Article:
Leonid I. Sedov

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Leonid Ivanovitch Sedov (14 November 1907 – 5 September 1999) was a leading physicist of the Soviet Union.

In 1930 Sedov graduated from the University of Moscow, where he had been a student of Sergey Chaplygin, with the degree of Doctor of Physics and Mathematical Sciences. He later became a professor at the university.

During World War II, he devised the so-called Sedov Similarity Solution for a blast wave. He was the first chairman of the USSR Space Exploration program and broke first news of its existence in 1955. He was president of the International Astronautical Federation (IAF) from 1959 to 1961.[1] Until recently, it had been thought that Sedov was the principal engineer behind the Soviet Sputnik project.[2]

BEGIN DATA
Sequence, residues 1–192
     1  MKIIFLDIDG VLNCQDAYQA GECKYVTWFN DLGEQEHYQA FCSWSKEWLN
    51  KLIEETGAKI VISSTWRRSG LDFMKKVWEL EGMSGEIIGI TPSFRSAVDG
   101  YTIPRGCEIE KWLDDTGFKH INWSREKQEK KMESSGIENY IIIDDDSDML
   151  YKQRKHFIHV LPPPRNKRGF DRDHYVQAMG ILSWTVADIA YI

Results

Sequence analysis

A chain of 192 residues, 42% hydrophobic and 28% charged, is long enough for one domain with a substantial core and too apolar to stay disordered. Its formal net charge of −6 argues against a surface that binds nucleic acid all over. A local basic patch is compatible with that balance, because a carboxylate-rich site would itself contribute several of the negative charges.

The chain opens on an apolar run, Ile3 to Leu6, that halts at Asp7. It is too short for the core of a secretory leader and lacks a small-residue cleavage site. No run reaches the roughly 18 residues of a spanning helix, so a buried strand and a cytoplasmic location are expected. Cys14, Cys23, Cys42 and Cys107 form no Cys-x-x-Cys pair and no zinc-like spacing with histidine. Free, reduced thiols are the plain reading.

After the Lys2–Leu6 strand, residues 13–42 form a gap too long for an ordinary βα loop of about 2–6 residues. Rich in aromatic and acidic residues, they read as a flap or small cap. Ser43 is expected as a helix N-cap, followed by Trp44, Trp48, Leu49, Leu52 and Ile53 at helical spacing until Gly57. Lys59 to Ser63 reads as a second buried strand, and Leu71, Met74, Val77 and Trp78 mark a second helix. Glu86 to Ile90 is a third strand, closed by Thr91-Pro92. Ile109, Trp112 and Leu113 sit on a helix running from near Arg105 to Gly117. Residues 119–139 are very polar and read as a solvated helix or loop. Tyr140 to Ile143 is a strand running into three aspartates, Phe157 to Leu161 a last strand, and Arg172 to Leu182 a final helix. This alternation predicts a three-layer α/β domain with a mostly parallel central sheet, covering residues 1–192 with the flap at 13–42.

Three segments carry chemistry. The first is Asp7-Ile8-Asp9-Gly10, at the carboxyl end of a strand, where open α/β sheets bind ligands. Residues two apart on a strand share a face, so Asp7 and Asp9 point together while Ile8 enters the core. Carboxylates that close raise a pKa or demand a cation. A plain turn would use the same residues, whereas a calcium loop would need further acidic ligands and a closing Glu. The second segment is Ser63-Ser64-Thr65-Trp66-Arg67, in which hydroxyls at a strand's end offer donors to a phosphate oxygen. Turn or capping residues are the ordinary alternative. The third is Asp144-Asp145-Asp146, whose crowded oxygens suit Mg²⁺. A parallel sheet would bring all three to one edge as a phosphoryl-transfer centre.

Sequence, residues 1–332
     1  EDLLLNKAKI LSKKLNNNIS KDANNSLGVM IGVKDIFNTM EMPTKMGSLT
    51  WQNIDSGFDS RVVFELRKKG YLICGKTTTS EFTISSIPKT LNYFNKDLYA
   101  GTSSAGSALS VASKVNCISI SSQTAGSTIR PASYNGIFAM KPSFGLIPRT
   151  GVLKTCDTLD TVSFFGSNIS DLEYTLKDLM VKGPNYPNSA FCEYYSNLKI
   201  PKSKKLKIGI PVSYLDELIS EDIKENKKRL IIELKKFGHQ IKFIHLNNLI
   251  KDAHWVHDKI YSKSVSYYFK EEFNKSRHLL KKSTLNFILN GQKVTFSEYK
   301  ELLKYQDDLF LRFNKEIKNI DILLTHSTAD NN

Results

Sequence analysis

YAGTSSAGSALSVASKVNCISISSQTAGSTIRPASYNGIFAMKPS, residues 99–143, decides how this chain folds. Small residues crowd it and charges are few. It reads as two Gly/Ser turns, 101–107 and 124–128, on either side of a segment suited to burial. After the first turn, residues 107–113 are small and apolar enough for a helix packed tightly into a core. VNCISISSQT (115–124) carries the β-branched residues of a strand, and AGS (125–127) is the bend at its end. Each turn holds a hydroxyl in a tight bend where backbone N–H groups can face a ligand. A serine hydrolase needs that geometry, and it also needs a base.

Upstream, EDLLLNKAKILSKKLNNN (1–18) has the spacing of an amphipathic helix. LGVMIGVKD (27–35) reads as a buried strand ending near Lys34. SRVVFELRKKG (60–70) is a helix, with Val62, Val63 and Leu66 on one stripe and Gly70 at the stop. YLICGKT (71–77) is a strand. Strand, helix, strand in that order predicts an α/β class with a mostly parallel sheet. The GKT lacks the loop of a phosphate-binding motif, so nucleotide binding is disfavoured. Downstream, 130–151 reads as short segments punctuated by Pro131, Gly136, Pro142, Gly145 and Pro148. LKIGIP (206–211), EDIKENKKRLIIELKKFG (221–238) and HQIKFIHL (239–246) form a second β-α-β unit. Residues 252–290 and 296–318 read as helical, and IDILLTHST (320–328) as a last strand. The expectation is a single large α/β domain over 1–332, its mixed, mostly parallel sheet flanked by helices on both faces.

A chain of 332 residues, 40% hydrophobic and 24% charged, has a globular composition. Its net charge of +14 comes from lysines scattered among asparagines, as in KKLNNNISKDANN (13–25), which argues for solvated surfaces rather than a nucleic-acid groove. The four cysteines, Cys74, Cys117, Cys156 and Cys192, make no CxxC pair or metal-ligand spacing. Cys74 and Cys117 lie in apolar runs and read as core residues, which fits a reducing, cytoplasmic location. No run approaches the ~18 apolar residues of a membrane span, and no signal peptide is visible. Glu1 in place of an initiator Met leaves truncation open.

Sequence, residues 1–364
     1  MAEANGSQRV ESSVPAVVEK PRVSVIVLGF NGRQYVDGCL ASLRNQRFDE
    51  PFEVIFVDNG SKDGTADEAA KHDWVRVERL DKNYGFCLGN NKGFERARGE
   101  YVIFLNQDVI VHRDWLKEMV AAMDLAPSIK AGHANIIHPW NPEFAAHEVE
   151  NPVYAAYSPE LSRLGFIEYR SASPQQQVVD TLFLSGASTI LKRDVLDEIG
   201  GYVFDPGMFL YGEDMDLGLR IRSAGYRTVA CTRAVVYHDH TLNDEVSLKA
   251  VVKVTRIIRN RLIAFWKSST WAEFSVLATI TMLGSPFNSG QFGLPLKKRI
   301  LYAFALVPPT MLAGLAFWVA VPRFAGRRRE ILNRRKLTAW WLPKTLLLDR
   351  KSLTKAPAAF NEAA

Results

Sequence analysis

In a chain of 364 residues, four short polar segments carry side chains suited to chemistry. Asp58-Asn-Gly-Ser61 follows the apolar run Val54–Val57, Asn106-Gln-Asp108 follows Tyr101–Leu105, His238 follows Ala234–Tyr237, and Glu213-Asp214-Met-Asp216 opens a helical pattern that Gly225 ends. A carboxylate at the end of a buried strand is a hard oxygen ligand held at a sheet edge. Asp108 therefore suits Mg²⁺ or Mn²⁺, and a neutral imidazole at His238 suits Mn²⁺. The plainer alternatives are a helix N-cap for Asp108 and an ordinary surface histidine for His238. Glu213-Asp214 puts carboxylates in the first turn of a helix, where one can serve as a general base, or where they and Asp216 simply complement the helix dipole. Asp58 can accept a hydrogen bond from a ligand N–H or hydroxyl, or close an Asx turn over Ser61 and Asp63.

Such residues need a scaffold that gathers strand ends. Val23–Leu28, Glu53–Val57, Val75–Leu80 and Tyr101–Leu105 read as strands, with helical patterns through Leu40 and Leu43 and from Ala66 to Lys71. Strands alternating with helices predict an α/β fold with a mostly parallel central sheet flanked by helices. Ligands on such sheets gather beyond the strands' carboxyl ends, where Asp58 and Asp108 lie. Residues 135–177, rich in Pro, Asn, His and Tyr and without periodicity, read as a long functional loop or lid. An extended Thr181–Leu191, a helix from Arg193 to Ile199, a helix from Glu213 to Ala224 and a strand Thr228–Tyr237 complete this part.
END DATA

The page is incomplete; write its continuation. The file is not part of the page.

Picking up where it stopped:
References[edit]

  • Reference to 1955 announcement
  • Obituary notice in Minutes of General Assembly Meetings, 2000 section
  • Sedov, L. I., 1959, Similarity and Dimensional Methods in Mechanics, 4th edn. Academic.
  • L.I. Sedov, A course in continuum mechanics. Volumes. I-IV. Wolters-Noordhoff Publishing, Netherlands, 1971.
  • Sedov, L. I., "Propagation of strong shock waves," Journal of Applied Mathematics and Mechanics, Vol. 10, pages 241–250 (1946). (See also: Barber–Layden–Power effect)
  • Reference to confusion with Ukrainian physicist Sergei Korolyov [1].